Mike Kimmel is known as the “Python Cowboy” for a reason. He puts food on the table by wrangling gargantuan invasive predatory critters ever
Mike Kimmel is known as the “Python Cowboy” for a reason. He puts food on the table by wrangling gargantuan invasive predatory critters every day. His expertise doesn’t stop with pythons, though: it includes iguanas, feral pigs, and the occasional problem alligator. If you scroll his Instagram long enough, you also come across videos of him rescuing baby raccoons and saving law-abiding alligators from python death-grips. Some of his posts border on full-blown PDA for his hunting dogs, and he also shares pictures from successful guided invasive hunts with clients.
However, his strangest post of all is about the time he came across some peculiar litter around an infamous abandoned Aerojet rocket test facility one night in April of 2019. Kimmel has spent countless hours chasing invasives around this area of the Everglades, and he couldn’t help but investigate.
First, Kimmel says he spotted baby dolls that had their eyes gored out and inverted crosses ashed on their foreheads. Then it turned into Latin graffiti sprayed in red paint and a wooden cross stuck in a giant rock pile. The situation really devolved when he climbed up the rock pile and came across a small scarlet snake wrapped around the neck of a baby doll. The snake was still alive and bleeding from its anus.
“It’s a rare snake to find in this area and it’s weird that it’s wrapped around the doll,” Kimmel tells Outdoor Life. “This snake’s maybe a foot long, it’s tiny. I’ve caught thousands of snakes in my life, none of them have ever been bleeding out of their ass like that.”
By this point, Kimmel was a little freaked out. Baby dolls with no eyeballs and a little graffiti are one thing. But a live animal bleeding from its digestive tract takes the situation beyond a teenage prank.
“As I’m leaving that rock pile, there’s a huge spray-painted phrase on the asphalt, maybe 50 feet long, and it was later translated by an Instagram follower. In Latin it says ‘He’s watching, turn around, run, hide,’ or something like that,” Kimmel says.
He moved further into the main building of the complex. The more he investigated, the weirder it got.
“We found a 50-foot spray-painted Pentagram with a three-legged chair in the middle with a big bloodstain on it, like something was sacrificed there. On the walls there were Latin sayings with upside-down crosses. Further into the building, in another room, there was a little girl’s nightgown, and I’m sure it was red spray paint but it was made to look like it was bloody,” Kimmel recalls. “There were some phrases on the walls basically talking about ‘sacrificing a child to the devil,’ real sketchy stuff. In one of the rooms that I couldn’t gain access to, I could tell through a busted-out window that there was a sleeping bag in there with something stuffed inside and sayings everywhere, and that’s where the gown was.”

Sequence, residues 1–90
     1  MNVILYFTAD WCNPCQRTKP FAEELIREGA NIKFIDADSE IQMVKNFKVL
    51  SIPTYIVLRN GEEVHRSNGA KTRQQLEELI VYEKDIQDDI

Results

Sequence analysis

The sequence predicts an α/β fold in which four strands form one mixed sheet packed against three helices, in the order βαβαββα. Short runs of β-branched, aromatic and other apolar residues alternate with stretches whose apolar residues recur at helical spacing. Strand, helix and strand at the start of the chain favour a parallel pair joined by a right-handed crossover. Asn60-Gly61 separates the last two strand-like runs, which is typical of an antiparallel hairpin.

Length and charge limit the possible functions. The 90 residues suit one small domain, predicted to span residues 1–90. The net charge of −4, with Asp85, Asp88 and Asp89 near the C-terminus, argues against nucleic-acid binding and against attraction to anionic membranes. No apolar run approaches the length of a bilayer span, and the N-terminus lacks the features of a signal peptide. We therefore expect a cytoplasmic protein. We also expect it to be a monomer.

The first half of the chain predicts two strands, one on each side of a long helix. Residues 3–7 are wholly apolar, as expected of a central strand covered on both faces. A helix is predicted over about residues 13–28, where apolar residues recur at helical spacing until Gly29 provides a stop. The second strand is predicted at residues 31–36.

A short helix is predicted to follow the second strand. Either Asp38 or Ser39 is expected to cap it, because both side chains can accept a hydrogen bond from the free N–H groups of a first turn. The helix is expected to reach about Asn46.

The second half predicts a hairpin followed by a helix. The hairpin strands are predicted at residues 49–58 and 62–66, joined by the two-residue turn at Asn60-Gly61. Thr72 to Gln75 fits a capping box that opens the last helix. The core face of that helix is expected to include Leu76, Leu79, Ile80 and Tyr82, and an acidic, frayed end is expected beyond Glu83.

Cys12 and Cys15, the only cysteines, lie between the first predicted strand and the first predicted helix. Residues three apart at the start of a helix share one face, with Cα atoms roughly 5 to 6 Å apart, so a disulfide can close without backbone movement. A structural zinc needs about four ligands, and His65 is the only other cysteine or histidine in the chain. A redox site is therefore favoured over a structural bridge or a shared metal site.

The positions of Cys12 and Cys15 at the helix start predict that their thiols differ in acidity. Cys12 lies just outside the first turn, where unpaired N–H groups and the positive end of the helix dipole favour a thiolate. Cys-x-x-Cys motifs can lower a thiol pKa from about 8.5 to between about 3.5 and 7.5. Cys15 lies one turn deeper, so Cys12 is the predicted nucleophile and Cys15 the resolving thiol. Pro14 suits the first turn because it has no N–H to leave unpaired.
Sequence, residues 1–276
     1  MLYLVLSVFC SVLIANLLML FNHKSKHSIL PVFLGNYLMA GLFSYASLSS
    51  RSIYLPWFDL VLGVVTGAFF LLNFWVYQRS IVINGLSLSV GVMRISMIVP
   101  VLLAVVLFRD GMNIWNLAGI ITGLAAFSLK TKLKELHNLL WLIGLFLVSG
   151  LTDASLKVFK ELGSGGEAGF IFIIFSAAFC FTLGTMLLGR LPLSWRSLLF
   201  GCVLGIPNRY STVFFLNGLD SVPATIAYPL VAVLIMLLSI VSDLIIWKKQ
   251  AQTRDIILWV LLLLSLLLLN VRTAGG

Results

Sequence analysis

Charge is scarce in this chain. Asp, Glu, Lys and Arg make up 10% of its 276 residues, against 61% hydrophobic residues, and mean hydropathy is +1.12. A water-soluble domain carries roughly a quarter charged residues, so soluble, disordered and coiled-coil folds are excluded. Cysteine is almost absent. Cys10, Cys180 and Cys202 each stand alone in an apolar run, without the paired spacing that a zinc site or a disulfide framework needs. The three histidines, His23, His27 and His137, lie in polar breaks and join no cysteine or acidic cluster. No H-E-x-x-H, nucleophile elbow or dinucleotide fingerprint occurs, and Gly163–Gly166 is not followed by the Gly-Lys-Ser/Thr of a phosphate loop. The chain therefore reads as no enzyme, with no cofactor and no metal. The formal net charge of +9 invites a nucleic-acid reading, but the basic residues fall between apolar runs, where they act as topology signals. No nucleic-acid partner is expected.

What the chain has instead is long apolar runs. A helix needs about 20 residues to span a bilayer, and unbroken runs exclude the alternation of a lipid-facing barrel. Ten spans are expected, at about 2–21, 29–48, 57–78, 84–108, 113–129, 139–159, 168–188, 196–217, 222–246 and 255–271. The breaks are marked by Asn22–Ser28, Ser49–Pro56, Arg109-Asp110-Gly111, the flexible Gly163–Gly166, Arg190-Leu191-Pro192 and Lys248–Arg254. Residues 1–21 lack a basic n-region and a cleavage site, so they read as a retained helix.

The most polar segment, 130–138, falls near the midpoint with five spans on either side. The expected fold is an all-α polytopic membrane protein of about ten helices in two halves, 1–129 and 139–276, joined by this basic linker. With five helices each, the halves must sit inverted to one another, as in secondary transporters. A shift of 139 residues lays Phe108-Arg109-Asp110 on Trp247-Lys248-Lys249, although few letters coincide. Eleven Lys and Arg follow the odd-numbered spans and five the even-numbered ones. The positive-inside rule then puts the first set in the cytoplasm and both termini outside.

Kimmel had two clients with him who were becoming more creeped out by the minute. Eventually they started leaving the compound, partially out of fear of the stuff they’d already discovered and partially out of concern for what else—or who else—they might run into. As they were making their way back down the road, they crossed paths with two walkers carrying flashlights. At first Kimmel was nervous about who else could possibly be out there at night, but then the passersbys revealed themselves as Instagram followers of Kimmel who wanted to chase pythons where he usually did.
“I told him everything I was finding back there, I said ‘be careful, there’s a bunch of Satanic stuff back there, I don’t know what’s going on,’” Kimmel says. “I sent him a message on Instagram the next day asking if he caught anything and what happened. He said about 10 to 15 minutes after passing me, he got further in and they heard a bunch of gunshots coming from inside, and they turned around and left when they heard that. So I don’t know if someone was still in there while we were finding all this stuff or what, but definitely kind of a sketchy story.”
Kimmel says he reported the incident to the South Florida Water Management District, who then reported it to the police. Kimmel says they investigated but doesn’t know what the result of the investigation was.
Eventually, Kimmel started researching the Aerojet facility. The man who built it was named Marvel “Jack” Whiteside Parsons, a CalTech rocket scientist and cofounder of Aerojet. He was a known Thelemite occultist, meaning he practiced the Thelema spiritual philosophy and new religion founded in the early 1900s. Thelema isn’t directly linked to Satanism, but Parsons was known to conduct rituals summoning Thelemic goddesses with Scientology founder L. Ron Hubbard. He was removed from Aerojet and his other rocket science affiliations in the 1940s due to his deep involvement with Thelemite occultism (he ran the California branch from his home in Orange Grove, where he often hosted loud, crazy parties). He died at 37 during a mysterious explosion in his home laboratory that people close to him thought was related to a suicide or murder attempt. After taking all this into consideration, Kimmel isn’t shocked that this abandoned compound (which still houses a massive rocket in a 10-story hole in the ground) would host ritual activity, and he’s currently working on a Youtube video of the experience.
“I guess around that time, around the Easter Moon, is when a lot of Satanic rituals happen,” Kimmel says. “It was pretty wild, definitely one of the stranger things I’ve found out there.”